After KT 2077: A Look back

5, Apr 2022 |

Just after the one of the biggest art congregations in Nepal ever to be hosted, we interview the curator Sheelasha Rajbhandari for a look back at the one-month on the momentous event of Kathmandu Triennale 2077

Kathmandu Triennale 2077 was the largest art exhibition to be hosted in Nepal. With Cosmin Costinas as Artistic Director and Sheelasha Rajbhandari and Hit Man Gurung as the curators of KT 2077, the fourth edition of the Kathmandu Triennale goes big with hosting over 300 art pieces from over 100 artists in five locations. KT 2077 was hosted in Patan Museum, a UNESCO world heritage site and former royal residence of the Malla dynasty; the 18th-century Bahadur Shah Baithak school; Nepal Art Council; the recently restored Taragaon Museum, renowned as one of Nepal's first modernist buildings; and Siddhartha Art Gallery. Now, right after the conclusion of KT 2077, we interview the curator Sheelasha  for a look back at the one-month on the momentous event of Kathmandu




What was the challenges and any complications that you were facing during KT 2077?

I think the major challenges was the COVID-19 pandemic. You can imagine how conducting an art exhibition in the middle of the pandemic would be very dangerous. We had to delay the entire art exhibition for two years when the pandemic finally subsided enough for us to host the event clearly. In response to this, we did the digital opening in February but I think that detracted from the other plans we had for the digital aspect we had planned. Aside from the pandemic, we had 2 art pieces that were unable to be bought to the event due to complications. But the COVID-19 pandemic was the source of the most of our problems.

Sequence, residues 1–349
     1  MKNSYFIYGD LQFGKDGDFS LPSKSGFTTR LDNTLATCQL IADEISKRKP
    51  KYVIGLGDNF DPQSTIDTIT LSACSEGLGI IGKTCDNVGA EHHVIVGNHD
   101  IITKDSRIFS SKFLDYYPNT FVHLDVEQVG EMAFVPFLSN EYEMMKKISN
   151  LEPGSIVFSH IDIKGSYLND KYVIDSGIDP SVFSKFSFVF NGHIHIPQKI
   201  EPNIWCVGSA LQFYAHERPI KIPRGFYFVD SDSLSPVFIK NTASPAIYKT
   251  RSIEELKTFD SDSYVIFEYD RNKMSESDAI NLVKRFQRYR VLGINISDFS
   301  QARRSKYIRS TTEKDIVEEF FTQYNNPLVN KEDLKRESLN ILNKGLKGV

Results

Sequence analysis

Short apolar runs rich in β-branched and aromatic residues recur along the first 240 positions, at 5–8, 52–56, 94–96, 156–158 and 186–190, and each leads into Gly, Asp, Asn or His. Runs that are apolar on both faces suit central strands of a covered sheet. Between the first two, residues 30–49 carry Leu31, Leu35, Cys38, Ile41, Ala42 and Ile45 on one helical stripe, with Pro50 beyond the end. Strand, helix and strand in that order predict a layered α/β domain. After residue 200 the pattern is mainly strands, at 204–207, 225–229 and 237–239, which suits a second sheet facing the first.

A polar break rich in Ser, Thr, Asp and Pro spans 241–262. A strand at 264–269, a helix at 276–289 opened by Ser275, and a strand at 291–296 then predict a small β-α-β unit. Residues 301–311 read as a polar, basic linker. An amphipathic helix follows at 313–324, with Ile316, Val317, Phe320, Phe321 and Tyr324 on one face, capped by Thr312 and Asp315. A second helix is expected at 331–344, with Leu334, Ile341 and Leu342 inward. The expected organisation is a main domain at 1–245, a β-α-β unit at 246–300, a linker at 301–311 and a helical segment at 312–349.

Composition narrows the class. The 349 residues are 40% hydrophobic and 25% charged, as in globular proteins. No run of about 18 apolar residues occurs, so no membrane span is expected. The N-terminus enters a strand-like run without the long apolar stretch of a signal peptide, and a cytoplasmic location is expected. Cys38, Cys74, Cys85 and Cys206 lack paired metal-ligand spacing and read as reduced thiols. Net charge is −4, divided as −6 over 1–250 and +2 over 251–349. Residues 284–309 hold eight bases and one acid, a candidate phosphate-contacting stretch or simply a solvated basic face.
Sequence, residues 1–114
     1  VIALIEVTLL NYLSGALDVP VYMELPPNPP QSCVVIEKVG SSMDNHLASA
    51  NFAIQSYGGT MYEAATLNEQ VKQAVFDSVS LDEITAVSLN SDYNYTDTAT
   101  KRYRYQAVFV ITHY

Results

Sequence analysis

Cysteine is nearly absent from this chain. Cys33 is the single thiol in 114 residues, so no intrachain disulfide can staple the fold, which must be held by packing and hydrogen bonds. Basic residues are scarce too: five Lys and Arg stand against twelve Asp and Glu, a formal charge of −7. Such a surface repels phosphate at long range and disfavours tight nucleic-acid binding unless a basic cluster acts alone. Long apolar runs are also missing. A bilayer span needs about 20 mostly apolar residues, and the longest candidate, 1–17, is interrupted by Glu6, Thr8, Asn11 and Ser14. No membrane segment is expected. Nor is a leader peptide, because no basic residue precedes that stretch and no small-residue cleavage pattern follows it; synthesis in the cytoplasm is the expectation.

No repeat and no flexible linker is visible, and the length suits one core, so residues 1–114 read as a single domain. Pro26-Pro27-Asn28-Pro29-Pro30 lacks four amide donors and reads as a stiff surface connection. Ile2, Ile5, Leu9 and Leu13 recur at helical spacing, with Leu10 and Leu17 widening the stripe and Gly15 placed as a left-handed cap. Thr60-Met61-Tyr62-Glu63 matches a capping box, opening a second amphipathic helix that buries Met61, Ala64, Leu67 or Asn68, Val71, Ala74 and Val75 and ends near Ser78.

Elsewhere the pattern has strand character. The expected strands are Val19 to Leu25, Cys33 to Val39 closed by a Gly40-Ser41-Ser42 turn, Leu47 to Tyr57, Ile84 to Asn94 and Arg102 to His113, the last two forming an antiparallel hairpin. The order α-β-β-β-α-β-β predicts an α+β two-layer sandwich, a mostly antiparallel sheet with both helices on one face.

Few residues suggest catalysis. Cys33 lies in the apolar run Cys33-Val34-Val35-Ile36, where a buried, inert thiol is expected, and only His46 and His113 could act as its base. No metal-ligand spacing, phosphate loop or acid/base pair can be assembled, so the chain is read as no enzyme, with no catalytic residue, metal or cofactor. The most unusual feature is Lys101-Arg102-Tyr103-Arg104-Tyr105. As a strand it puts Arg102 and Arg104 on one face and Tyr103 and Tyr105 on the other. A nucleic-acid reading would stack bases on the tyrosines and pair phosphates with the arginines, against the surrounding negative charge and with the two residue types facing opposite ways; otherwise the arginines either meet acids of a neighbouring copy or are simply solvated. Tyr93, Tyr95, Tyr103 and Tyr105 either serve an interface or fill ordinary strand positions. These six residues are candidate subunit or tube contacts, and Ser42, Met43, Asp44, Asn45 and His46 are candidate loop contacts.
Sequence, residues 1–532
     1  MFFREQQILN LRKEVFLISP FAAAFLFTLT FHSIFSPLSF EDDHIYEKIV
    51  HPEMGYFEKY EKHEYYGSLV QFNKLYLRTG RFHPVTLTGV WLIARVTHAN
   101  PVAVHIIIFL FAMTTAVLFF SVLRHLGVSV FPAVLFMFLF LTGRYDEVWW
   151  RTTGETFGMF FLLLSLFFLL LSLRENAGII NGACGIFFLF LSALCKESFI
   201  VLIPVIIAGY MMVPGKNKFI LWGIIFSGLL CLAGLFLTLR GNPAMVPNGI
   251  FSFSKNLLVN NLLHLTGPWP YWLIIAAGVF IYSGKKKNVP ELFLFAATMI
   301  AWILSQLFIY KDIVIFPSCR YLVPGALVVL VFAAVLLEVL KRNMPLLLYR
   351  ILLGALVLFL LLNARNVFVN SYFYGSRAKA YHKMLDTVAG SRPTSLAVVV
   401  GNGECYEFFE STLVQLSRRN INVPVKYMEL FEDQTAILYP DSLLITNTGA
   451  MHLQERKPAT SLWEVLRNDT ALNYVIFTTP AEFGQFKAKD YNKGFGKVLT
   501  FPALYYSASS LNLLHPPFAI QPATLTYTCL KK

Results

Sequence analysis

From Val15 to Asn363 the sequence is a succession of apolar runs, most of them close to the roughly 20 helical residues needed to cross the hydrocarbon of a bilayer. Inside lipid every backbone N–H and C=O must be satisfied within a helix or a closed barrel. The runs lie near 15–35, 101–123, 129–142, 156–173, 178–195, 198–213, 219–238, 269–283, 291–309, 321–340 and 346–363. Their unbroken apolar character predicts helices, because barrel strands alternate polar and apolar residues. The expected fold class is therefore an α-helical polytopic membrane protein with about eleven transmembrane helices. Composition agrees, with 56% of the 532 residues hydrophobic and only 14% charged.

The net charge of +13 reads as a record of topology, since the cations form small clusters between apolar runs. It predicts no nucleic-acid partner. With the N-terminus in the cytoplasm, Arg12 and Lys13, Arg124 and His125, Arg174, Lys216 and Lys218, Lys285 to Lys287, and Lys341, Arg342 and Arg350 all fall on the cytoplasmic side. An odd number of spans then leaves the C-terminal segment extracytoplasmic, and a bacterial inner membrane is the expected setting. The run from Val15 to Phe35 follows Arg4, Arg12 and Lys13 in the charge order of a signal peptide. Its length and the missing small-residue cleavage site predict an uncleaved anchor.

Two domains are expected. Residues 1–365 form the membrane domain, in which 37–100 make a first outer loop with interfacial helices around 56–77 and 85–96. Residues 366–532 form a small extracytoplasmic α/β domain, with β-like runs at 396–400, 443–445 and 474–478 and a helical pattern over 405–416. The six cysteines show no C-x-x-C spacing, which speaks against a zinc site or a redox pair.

What was the impetus behind the KT 2077's promotion of indigenous, local and unorthodox art styles?

In my opinion, there are two aspects to the Kathmandu Triennale's theme. One is the Eurocentrism in the global art industry. Due to much cultural capital and significance of Western culture in global culture especially in the internet, many indigenous artforms have been ignored and have not been recognized. KT 2077 hope to shine a light at those unorthodox artforms and art styles that people might be unaware about. Another aspect to this is that especially in South Asian countries, there is usually a bias towards the majority people and artstyles of minorities and small communities of people usually gets drowned out. Keeping this aspect in mind, we changed the name of our event from "Kathmandu Triennale 2020" to Kathmandu Triennale 2077" since 2020 is the year from the Gregorian Calendar and in order to show the shift to more indigenous approach to change it to the year in the Nepal Sambat.



Do you think KT 2077 was a success in your eyes?

I do not like to see the events and other tasks as successes and failures. But even after the challenges we have faced due to the pandemic and the logistical considerations that needed to be taken to host such a massive event in Nepal, seeing people get intrigued and see avid curiosity in their eyes just warms my heart. Just the other day, I heard that one of our five venues, the Patan Museum received about 900 visitors in just a day. I think that if an aspiring artist or anyone interested gets to know more about the world of creative expression and the unique ways you can portray anything you want, I think I'll be happy to call this event a success.

Text By: Samyak Dhar Tuladhar 

Photos by: Bidyash Dangol

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